Debating Science and Technology for Development in Africa

By Ian Scoones, Director of the STEPS Centre

At an event today we will be debating the STISA-2024 (Science, Technology and Innovation Strategy for Africa) initiative by the African Union (AU), the latest attempt to bring science and technology to the centre of the development debate in Africa. The STISA-2024 document opens with a rousing speech – with echoes of Nehru before him – by Kwame Nkrumah at the foundation summit of the OAU in 1963:

“We shall accumulate machinery and establish steel works, iron foundries and factories; we shall link the   various states of our continent with communications; we shall astound the world with our hydroelectric power; we shall drain marshes and swamps, clear infested areas, feed the undernourished, and rid our people of parasites and disease. It is within the possibility of science and technology to make even the Sahara bloom into a vast field with verdant vegetation for agricultural and industrial developments”.

This modernist vision of S and T transforming Africa is very much present in the AU’s STISA document. And has echoes of the efforts of philanthro-capitalists such as Bill Gates, and aid and development advocates such as Jeff Sachs. Not surprisingly, the rather top-down, technocratic vision has garnered considerable critique.

Interestingly S and T appears very prominently in the SDG outcomes document published 10 days ago for ratification of heads of government in New York next month. There’s a plan to establish a Technology Facilitation Mechanism and UN Interagency Task Team on Science, Technology and Innovation for the SDGs, a collaborative Multistakeholder Forum on Science, Technology and Innovation for the SDGs and an on-line platform.

We should see STISA therefore as part of these wider efforts – as part of a political moment, around which to debate science and technology for development, and garner fresh, radical ideas.

But it’s over 50 years since Nkrumah’s speech. What have we learned? I suggested five things in my opening remarks:

  • S and T cannot solve everything – big schemes too often fail.
  • Building capabilities and capacities is central – simple transfer of technology models don’t work.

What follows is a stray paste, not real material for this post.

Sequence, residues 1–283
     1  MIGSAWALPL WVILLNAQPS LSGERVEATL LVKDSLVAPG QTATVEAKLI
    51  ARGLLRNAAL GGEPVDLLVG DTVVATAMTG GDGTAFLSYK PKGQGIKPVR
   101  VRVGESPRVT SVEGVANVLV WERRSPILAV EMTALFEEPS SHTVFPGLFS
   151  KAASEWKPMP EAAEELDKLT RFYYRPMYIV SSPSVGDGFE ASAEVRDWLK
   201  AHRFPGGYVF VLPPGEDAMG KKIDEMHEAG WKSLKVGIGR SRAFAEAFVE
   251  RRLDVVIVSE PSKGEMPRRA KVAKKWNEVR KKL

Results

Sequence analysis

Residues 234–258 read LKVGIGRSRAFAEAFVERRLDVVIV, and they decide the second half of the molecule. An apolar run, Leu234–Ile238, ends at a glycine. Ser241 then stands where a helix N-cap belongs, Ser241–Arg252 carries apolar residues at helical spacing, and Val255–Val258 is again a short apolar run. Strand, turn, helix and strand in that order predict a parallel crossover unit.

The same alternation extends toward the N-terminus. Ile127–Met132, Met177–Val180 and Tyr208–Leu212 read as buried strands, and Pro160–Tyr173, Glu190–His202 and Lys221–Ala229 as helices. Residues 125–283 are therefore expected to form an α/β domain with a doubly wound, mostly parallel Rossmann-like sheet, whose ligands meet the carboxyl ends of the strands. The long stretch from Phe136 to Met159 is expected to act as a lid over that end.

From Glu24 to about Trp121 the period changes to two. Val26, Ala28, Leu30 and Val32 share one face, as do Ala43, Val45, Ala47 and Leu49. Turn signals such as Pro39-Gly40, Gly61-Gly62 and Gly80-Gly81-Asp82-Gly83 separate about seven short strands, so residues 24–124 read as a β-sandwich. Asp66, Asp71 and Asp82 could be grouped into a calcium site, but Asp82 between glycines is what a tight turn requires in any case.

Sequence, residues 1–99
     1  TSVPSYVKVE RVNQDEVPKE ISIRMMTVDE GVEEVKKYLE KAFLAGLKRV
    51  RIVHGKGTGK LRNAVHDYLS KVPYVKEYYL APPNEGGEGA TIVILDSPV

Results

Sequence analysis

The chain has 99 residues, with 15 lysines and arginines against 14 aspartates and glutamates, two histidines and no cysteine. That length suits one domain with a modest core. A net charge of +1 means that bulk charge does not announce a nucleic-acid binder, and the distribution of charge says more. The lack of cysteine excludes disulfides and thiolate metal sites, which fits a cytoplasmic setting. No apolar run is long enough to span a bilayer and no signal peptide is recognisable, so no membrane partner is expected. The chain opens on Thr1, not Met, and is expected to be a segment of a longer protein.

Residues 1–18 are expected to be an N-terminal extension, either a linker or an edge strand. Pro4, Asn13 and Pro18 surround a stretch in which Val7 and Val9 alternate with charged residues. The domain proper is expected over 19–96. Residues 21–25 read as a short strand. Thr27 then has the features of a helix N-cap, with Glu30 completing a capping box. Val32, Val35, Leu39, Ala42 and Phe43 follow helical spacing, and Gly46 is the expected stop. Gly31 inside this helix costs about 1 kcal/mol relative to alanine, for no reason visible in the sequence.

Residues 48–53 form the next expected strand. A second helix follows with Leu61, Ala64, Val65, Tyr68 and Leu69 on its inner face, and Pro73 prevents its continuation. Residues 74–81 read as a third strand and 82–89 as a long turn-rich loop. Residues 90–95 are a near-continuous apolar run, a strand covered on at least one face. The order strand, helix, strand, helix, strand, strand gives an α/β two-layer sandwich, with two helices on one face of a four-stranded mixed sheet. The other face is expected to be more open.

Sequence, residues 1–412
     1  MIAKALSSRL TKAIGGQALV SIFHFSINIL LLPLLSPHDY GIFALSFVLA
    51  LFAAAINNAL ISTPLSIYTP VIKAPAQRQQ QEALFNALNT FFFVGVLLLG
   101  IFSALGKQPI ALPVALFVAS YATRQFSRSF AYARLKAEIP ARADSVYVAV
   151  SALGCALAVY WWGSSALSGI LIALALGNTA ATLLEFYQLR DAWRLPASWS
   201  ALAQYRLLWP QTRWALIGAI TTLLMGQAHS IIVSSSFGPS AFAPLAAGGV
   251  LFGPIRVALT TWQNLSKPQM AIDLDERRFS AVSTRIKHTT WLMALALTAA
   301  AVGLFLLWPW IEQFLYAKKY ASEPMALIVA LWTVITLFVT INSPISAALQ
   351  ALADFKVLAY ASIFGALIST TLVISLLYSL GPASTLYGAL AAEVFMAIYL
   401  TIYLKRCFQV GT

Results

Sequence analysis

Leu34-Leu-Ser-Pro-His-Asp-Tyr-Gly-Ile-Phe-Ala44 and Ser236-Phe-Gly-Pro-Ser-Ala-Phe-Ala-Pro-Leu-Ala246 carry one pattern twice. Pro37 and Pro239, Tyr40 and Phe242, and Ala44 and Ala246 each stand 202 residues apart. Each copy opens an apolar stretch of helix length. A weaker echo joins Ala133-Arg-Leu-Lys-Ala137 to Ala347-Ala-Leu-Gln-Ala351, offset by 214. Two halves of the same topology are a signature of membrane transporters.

• Technology is not just hardware – software matters too. It’s socio-technical transitions that are important, and these may have to be slow and patient.
  • Knowledge for development doesn’t just come from accredited science – local knowledge cultures are important too.
  • Technology has to be owned, embedded in social-cultural settings and democratised through more inclusive, participatory approaches that set agendas and priorities.

In 2010, the STEPS Centre facilitated a process of discussion about these issues globally, which became the New Manifesto for Innovation, Sustainability and Development. It was a follow up to the famed Sussex Manifesto of 1970, and ran together with other manifesto processes in Africa (led by ATPS) and India.

Our collectively produced manifestos, based on extensive roundtable discussions across the world, recommended a much more open approach to S and T issues. Old questions of building capabilities, facilitating tech transfer, finance and training were all there, but there was much more emphasis on politics and the democratisation of policy processes. It matters what technology, for whom.

In our discussions today we took this broader picture, injecting our discussions with an understanding of the real challenges in Africa, thinking about how to go beyond critique to constructive engagement, as Chux Daniels suggests. This crucially means bringing new voices and perspectives to the table, while not rejecting the political potential of STISA and associated processes, such as the SDGs.

This event, jointly convened by the STEPS Centre, was an important step in that direction, as it brought together a wide group of Africans based in Europe and the US to discuss these questions. This included researchers, policy people, NGO reps, media professionals and more. These broader diaspora perspectives are important as this helps ground the debate, and encourages us to ask questions about what Africans can contribute to the future of development across the continent.